Bathtubs. Canned food. A headstone. Hay.

During an annual 24-hour fundraising marathon, nonprofits collect funds for sundry, simple items.

But those objects provide invaluable services: Shelter for homeless people, meals for the hungry, comfort for grieving parents and safety for abused horses.

“You can turn somebody’s life around really simply,” said Jane Bowling–Wilson, executive director for the Northern Piedmont Community Foundation.

On Tuesday, that group and the Community Foundation of the Rappahannock River Region will host fundraising marathons as part of a national effort called Give Local America.

In Fredericksburg and its surrounding counties, the effort is known as the Community Give.

This year, 182 nonprofits will participate in the Community Give and 152 will take part in Give Local Piedmont.

During the event, donors can go to one website to support various local charity efforts, from ferret rescues to homeless shelters.

“It’s like when a community comes together after a disaster, but we get to skip the disaster part,” said Lisa Biever, director of donor services for the Community Foundation of the Rappahannock River Region. “We get to come together as a community and do something in a positive manner without waiting for something horrible to happen.”

Last year, 8,023 people donated to 155 nonprofits through the Community Give, providing $822,266 for museums, homeless services, medical clinics, schools, choirs, sports, animal rescues and more.

Give Local Piedmont collected $747,ooo for 138 nonprofits in Culpeper, Madison, Rappahannock and Fauquier counties.

“The nonprofits are as diverse as the cars in a parking lot, everything you can imagine,” Bowling–Wilson said. “It ranges from really small groups who have no paid staff, that are just sort of dedicated people out there trying to change the world to really large groups, from teeny, tiny groups to groups that are very big, which is really cool.”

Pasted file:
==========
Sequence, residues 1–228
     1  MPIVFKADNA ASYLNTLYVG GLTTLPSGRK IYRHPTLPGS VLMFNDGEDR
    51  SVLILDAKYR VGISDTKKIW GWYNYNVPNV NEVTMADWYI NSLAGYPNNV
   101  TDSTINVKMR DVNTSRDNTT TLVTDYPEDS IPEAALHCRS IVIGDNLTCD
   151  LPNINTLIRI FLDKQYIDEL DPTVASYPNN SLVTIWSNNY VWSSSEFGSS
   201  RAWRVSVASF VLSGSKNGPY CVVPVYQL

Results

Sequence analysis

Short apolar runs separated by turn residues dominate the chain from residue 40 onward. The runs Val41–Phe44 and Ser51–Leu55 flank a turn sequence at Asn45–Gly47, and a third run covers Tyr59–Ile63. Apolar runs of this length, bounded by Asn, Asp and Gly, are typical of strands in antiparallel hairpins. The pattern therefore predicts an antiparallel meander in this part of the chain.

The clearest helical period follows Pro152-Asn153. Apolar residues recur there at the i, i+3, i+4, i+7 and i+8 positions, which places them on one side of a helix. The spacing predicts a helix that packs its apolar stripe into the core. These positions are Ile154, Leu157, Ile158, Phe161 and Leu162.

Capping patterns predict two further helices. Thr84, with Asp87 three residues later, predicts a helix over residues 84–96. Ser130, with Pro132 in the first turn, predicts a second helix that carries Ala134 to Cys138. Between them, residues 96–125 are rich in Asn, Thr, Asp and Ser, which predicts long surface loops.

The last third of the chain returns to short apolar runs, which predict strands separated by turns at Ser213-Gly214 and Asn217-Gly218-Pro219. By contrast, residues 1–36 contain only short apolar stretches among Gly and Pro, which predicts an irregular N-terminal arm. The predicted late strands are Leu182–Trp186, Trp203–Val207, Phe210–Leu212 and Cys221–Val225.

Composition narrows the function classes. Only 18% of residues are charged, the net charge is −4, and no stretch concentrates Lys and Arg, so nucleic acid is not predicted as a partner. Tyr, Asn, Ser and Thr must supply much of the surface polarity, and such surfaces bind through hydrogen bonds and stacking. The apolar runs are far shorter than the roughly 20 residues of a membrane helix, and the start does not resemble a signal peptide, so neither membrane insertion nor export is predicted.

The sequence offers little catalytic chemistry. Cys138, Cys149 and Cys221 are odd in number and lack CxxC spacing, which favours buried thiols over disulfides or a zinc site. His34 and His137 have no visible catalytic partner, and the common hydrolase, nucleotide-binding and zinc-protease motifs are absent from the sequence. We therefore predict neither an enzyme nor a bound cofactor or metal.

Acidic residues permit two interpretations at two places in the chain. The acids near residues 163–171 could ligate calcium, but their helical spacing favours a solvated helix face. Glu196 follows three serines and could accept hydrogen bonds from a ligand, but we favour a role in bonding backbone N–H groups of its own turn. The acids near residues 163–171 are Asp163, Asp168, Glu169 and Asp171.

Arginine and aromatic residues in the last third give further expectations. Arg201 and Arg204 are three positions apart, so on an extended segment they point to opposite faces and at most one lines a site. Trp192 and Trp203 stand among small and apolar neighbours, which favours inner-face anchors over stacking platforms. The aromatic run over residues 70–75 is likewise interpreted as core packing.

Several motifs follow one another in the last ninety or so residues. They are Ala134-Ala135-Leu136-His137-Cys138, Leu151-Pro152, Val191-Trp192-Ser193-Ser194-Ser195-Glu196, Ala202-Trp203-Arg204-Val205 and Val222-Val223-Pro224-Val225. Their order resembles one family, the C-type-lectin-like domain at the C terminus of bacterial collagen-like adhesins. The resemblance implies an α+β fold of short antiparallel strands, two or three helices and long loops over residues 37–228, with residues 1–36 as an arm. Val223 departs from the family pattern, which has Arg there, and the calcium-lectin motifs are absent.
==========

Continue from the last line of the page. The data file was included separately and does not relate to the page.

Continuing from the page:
The one-day fundraising event gives charities a platform to raise money and awareness for their causes.

Throughout the day, nonprofits compete for various prizes. Every gift of $25 or more counts toward competitions.

Last year, Empowerhouse won the award for raising the most money, netting $78,026 in one day.

The Rappahannock Area YMCA garnered the most individual donations from the Community Give. But a small nonprofit, The Fairy Godmother Project, came close to the YMCA’s total of 501 donors, Biever said.

The Fairy Godmother Project, which helps families dealing with pediatric cancer, was featured in a national video about Give Local America. The Fairy Godmother Project raised $21,918 in last year’s event—about 10 percent of its budget for 2015.

“We just thought that was a good example of a grassroots organization that is getting things done,” Biever said.

In the months preceding the event, the charities receive training on finding and retaining donors and using social media.

Throughout the Fredericksburg area, donors can give money online, at the offices of the Community Foundation of the Rappahannock River Region or at any branch of Union Bank and Trust.

In the Piedmont region, people can stop by the State Theatre of Culpeper throughout the day to view donation results as they come in.

And donors don’t have to limit themselves to just one charity, Biever said. On the website, they can give to as many as they’d like.

“To me, it’s like a box of puppies, you don’t want to pick just one—you want to take them all home,” she said.

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Amy Flowers Umble: 540.735-1973 

aumble@freelancestar.com

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